As a result, insulin resistant individuals gain extra weight. The carbohydrates get converted into fat instead of energy. Other side effects include fatigue, brain “fog” (the inability to focus, poor memory, loss of creativity), low blood sugar (which can leads to hypoglycemia), intestinal bloating, sleepiness, depression and increased blood sugar. There is much more than weight at stake when you are insulin resistant.
The remedy for people who are insulin resistant is a diet restricted in carbohydrates. The crux of the Atkins diet is a limitation of carbohydrates in all of its forms. The foods restricted on the Atkins plan include simple sugars (like cookies, sodas and sweets) and complex carbohydrates (like bread, rice and grains). Even carbohydrates that are considered healthy, such as oatmeal, brown rice and whole wheat bread, are restricted on the program.
The diet has you restrict your carbohydrate intake to less than 40 grams a day. This will put your body in a state of ketosis. While in ketosis, your body will burn fat as fuel. According to Dr. Atkins’ research, the ketosis state will also affect insulin production and it will prevent more fat from being formed. Your body will begin using your stored fat as an efficient form of fuel, and you’ll lose weight.
Another benefit of the Atkins plan is that ketosis will end your cravings for carbohydrates. If you’ve been living on a carb-heavy diet, you may have found that you simply cannot get enough carbohydrates. With carbohydrate restriction and ketosis comes a reduction in carbohydrate cravings. People who have been on the Atkins diet for some time report that they do not crave carbohydrates as they once did.
Although the initial phases of the Atkins diet are rather strict, the program teaches you to restore balance to your diet in the long run. People who use the diet slowly reintroduce minimal amounts of carbohydrate into their eating until they find a comfortable balance between their health and carbohydrate use.
The basic principles of the Atkins diet have been adapted to many other low-carb diet plans. However, Atkins popularity still remains strong as one of the most effective low-carbohydrate solutions for those who are insulin resistant.
Atkins Induction Rules
The Induction phase of the Atkins diet is one of the most important stepping-stones to successful weight loss. In addition to the list of acceptable foods, there are a few rules that are important to follow during this period of the diet.
During Induction, you need to eat three regular-sized meals per day or four to five smaller meals. If you find yourself jittery and hungry between meals, try breaking down your meals into smaller portions and eat more frequently. In order to stave off carbohydrate cravings, you’ll need to constantly keep your body running on the proteins and vegetables on the plan. Never skip meals and never go more than six waking hours without eating.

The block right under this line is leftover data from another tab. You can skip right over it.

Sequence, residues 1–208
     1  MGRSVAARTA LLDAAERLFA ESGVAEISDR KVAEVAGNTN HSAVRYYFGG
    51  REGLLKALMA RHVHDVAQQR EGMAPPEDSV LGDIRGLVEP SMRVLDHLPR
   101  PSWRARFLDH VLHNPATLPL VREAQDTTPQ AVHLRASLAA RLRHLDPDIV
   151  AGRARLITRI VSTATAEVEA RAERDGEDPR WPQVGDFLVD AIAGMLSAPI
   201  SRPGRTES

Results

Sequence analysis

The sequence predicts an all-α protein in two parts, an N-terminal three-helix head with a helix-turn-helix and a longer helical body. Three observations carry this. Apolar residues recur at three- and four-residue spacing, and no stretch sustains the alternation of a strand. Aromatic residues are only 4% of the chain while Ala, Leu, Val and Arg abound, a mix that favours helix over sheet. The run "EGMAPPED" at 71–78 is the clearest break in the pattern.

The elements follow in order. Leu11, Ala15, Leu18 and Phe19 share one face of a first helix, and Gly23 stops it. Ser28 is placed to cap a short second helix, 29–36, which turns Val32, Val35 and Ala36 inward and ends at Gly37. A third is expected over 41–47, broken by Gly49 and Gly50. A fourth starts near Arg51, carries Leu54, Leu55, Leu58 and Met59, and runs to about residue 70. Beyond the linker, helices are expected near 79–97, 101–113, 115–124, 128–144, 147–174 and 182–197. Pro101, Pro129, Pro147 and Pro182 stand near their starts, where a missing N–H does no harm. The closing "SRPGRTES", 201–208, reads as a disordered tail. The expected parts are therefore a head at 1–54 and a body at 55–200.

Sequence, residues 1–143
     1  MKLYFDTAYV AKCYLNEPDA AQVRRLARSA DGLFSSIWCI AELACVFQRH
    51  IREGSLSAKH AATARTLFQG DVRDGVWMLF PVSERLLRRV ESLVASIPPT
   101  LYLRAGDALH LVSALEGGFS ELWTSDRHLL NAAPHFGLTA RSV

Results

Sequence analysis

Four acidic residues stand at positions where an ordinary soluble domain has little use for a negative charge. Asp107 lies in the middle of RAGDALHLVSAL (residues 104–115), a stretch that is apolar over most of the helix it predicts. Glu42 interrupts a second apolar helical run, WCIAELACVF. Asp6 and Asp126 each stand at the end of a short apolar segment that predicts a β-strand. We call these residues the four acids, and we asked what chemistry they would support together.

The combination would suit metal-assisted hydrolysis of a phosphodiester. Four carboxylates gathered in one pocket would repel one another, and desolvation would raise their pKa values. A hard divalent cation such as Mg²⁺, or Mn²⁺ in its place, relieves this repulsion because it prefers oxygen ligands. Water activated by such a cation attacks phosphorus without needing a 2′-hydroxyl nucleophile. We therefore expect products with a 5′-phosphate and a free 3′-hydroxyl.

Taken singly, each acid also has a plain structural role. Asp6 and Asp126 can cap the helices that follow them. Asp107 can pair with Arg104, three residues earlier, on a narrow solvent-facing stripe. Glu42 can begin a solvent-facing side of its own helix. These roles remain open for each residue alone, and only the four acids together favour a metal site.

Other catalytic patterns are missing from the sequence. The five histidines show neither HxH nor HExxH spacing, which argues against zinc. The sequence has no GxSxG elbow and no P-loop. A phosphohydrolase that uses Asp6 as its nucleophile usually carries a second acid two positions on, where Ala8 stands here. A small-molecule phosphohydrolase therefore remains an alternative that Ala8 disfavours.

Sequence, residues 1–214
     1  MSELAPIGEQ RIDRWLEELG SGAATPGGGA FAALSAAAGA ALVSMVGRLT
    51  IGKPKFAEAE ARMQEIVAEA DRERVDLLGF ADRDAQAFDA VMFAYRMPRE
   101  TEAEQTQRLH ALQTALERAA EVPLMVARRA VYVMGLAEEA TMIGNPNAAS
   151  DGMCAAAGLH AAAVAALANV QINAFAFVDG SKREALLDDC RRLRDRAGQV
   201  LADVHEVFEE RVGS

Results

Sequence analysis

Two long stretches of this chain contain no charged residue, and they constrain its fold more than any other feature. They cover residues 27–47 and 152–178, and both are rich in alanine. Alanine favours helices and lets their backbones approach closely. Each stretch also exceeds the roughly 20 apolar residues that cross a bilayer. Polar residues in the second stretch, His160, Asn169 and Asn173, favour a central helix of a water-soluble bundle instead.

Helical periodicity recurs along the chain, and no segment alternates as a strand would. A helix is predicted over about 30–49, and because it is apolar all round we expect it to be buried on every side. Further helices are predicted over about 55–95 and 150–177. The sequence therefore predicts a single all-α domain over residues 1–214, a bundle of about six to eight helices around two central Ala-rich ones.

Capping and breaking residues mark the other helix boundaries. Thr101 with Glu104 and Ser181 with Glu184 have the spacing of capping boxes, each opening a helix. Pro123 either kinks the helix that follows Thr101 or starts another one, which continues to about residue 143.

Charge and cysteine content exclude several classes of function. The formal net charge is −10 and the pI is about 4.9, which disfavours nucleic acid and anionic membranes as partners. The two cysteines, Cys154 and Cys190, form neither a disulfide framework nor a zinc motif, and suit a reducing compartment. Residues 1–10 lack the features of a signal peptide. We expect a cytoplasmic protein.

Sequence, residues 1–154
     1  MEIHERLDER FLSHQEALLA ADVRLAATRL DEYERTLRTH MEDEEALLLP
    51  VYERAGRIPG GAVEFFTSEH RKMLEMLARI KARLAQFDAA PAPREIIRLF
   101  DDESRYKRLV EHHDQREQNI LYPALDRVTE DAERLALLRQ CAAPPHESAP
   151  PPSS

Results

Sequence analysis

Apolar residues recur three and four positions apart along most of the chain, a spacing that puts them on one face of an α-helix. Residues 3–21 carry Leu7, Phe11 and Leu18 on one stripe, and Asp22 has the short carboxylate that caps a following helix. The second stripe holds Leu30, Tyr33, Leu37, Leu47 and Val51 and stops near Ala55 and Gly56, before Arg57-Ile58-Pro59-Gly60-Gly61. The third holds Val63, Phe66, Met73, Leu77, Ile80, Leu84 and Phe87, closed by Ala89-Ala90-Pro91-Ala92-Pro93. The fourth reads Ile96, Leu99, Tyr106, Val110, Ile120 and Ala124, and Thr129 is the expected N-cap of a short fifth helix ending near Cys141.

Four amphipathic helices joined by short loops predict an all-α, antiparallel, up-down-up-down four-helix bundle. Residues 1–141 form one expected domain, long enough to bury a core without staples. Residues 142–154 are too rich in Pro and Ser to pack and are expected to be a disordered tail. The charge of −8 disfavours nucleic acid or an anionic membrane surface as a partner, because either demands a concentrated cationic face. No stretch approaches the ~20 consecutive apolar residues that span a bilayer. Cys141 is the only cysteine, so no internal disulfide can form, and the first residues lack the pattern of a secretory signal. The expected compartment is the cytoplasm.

You can eat freely from the list of acceptable foods. Do not restrict your fats and proteins. Eat as much of them as you like. Remember, the Atkins diet is not a calorie-restricted diet. The only thing you need to worry about is your level of carbohydrate grams. Make sure to count your carbohydrate grams when you eat vegetables, cheese and beverages with Splenda. At least 12-15 grams of your allowed carbohydrates should be from your vegetable list. While it may be tempting to eat them all in cheese, vegetables are important to your digestive system (especially while on this diet).
Avoid all fruit, bread, pasta, grains and starchy vegetables (like cauliflower or squash) during this initial period. These foods will be slowly introduced throughout the course of the pre-maintenance phase. Although beans are high in protein, they also include carbohydrates and should be avoided during this phase. If you feel that you must have some grain products, you should limit yourself to high fiber low-carbohydrate products. However, this may slow down your weight loss process.
Anything that isn’t on the acceptable food list is forbidden during the Induction phase. Don’t be tempted to just have “one bite.” Your one bite may turn into two, and then before you know it you’ll end up ruining your diet.
Remember to adjust the quantity of acceptable foods to suit your appetite. At the beginning of the Induction phase, you may find yourself eating much, much more than you will toward the end of the phase. As your body breaks its addiction to sugar and carbohydrates, you will be less hungry throughout the day. When this starts to happen, make sure to eat only what you need. Eat until you are satisfied and not overly stuffed.